” A TEARDROP ON THE CHEEK OF TIME”

“A teardrop on the cheek of time” Bengali Poet Rabindranath Tagore referring to the Taj Mahal

“A teardrop on the cheek of time” Bengali Poet Rabindranath Tagore, referring to the Taj Mahal

“I thought it had to be about a woman [but] I had no idea what the story would be.” Lata Pada speaking about the inception of the play TAJ.

Lata Pada, Artistic Director of Sampradaya Dance Creations had a vision – to produce a play about the Taj Mahal. Most of us know the basic story of the Taj Mahal, that it is a tomb that was built by the Mughal emperor Shah Jahan as a resting place and monument to his wife Mumtaz, the love of his life.

But Lata wanted to go even deeper. “The image of the Taj Mahal is a ubiquitous symbol of India [and is] about this enduring love, but for me it is not about that [but about] human relationships and the universality of human experiences.” With that foundation she started to seek out the structure of the relationship between Shah Jahan and his eldest daughter Jahanara. To build on this she wanted to involve “the best of the best” and from Canada, she attracted to her project award-winning playwright John Murrell and director Tom Diamond whose work with directing operas for the Canadian Opera Company led to beautiful blocking in every part of the play. From India, Lata drew legendary choreographer Kumudini Lakhia, an 82 yr old treasure who sequenced exquisite scenes and whose experience in Kathak, a Northern Indian style of dance, kept the choreography true to the spirit of the location and history of the Mughal Emperor. Also from India was composer Praveen D. Rao. His musical score was stunning. I cannot put into words the powerful feeling that surged through me during the scene of the wedding of Shah Jahan to his wife and the song of the Sufi. Sashar Zarif’s incredible input and talent was transcendental and the performance was energetically so heightened that it felt as though it was lifting me off my seat.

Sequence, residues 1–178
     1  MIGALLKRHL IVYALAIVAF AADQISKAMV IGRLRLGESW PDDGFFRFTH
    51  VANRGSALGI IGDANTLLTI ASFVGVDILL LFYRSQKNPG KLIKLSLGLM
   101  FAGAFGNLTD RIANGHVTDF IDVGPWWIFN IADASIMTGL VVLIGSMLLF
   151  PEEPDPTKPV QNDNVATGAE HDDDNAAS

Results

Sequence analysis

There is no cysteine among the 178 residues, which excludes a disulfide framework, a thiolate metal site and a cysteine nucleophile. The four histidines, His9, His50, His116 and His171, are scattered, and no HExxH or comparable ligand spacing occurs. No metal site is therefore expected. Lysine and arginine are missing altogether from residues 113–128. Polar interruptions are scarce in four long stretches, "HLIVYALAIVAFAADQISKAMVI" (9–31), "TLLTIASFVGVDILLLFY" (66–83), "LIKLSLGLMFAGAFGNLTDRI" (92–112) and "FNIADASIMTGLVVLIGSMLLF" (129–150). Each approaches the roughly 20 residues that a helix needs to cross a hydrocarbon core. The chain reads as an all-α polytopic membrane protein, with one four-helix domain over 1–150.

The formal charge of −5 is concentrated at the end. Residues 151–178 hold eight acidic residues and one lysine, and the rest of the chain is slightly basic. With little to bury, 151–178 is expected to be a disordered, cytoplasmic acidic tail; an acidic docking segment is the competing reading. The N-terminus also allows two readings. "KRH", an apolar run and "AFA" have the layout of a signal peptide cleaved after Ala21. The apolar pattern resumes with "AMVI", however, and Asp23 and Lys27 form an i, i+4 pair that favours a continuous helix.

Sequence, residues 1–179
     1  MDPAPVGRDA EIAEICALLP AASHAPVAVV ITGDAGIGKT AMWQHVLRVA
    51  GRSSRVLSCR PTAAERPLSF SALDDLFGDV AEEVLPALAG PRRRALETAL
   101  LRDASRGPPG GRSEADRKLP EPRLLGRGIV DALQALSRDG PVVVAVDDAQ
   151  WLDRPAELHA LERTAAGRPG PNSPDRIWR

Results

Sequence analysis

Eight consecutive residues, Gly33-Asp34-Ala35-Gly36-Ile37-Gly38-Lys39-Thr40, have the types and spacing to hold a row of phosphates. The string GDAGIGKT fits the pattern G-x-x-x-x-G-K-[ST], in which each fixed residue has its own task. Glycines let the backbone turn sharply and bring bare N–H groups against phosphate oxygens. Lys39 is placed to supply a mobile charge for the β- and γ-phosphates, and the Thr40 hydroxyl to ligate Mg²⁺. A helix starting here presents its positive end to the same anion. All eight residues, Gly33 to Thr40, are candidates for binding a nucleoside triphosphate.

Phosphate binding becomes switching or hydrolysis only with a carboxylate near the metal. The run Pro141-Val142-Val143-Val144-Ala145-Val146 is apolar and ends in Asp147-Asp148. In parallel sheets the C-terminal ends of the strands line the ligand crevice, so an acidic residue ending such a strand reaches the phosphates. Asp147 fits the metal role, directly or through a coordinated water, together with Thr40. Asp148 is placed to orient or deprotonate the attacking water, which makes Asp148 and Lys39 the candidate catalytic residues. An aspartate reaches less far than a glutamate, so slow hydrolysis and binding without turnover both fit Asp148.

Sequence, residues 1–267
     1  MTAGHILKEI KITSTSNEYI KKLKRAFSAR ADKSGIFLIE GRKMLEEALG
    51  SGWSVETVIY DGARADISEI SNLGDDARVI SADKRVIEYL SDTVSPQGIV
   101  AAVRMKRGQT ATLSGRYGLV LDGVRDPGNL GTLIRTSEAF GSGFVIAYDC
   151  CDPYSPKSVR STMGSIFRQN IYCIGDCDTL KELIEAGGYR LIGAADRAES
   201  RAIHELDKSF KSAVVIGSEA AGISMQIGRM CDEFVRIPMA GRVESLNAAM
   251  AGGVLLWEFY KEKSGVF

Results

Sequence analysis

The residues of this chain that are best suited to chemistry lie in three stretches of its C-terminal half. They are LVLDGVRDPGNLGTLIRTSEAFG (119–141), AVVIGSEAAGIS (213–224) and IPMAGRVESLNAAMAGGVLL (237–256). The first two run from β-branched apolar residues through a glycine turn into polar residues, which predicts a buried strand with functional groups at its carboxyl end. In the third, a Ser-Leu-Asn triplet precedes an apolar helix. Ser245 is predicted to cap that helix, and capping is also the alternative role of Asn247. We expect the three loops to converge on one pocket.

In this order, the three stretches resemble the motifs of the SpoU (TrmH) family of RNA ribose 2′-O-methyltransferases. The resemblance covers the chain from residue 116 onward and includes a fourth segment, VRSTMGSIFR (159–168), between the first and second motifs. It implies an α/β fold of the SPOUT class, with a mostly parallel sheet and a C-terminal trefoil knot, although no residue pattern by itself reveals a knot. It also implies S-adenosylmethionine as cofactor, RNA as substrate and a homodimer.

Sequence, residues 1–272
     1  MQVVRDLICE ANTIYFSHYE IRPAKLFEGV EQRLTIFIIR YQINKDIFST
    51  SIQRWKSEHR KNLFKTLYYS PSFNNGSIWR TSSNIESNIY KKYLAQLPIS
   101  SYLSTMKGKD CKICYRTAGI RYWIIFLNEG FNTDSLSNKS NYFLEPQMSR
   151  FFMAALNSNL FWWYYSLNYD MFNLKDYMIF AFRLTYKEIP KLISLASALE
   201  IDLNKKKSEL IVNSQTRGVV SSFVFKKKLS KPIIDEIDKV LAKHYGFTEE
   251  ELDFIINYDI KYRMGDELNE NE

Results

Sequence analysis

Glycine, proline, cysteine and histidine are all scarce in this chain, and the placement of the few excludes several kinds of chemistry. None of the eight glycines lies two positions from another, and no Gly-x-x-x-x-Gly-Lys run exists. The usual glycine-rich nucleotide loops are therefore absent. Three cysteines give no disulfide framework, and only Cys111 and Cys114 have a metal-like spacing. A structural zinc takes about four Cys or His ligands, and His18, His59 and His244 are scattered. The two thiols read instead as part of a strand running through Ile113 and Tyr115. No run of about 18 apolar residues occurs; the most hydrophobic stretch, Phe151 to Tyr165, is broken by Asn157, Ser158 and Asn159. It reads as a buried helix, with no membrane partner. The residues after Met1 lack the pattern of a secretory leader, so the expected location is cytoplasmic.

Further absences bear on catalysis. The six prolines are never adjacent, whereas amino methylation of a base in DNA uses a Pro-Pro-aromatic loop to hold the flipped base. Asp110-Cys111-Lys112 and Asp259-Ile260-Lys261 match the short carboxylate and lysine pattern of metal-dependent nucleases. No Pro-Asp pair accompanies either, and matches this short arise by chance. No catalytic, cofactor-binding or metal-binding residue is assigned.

The part of Shah Jahan was played by one of India’s greats, Kabir Bedi, and Jahanara was played by Canada’s own enchanting Lisa Ray. Their tenderness, despite the complication of their characters’ father / daughter relationship, was the underpinning of Lata’s statement that the story of the Taj Mahal is about human connections.

The final cap that sealed tight this production was the artistic and technical visions of Phillip Silver (Lighting and Set Design) and Jacques Collin (Projection Design). There were times when the combination of the dance, the music, the set and the projections made me feel as though I had entered another dimension. It was unbelievable, absolutely striking.

In this production you could see how each tiny little detail and each unique talent and personality involved kept building and building on Lata’s vision. Everyone added in their layer, their texture, their reinforcement.

Congratulations to everyone involved in the making of this play and gratitude to Luminato for having the vision to commission Lata Pada’s production. My sincere hope is that someday I have the chance to see this play again as one time was not enough!

TAJ was visually and sonically fluent. Eloquent interpreting of one side of the story of the man behind the Taj Mahal.

More info on TAJ

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  1. [...] you someplace out-of-the-body as I found while sitting in the same spot at FLECK last June watching Sashar perform in TAJ (part of LUMINATO) as an old Sufi.  If I had the money, the time and if there were tickets [...]